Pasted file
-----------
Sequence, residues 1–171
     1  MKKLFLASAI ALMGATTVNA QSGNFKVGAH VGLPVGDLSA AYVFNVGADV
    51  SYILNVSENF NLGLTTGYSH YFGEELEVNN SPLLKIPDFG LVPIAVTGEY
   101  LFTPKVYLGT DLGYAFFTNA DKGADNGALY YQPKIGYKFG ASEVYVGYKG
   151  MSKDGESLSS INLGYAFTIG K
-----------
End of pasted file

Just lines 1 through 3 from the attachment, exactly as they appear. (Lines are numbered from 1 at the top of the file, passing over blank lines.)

Sequence, residues 1–171
     1  MKKLFLASAI ALMGATTVNA QSGNFKVGAH VGLPVGDLSA AYVFNVGADV
    51  SYILNVSENF NLGLTTGYSH YFGEELEVNN SPLLKIPDFG LVPIAVTGEY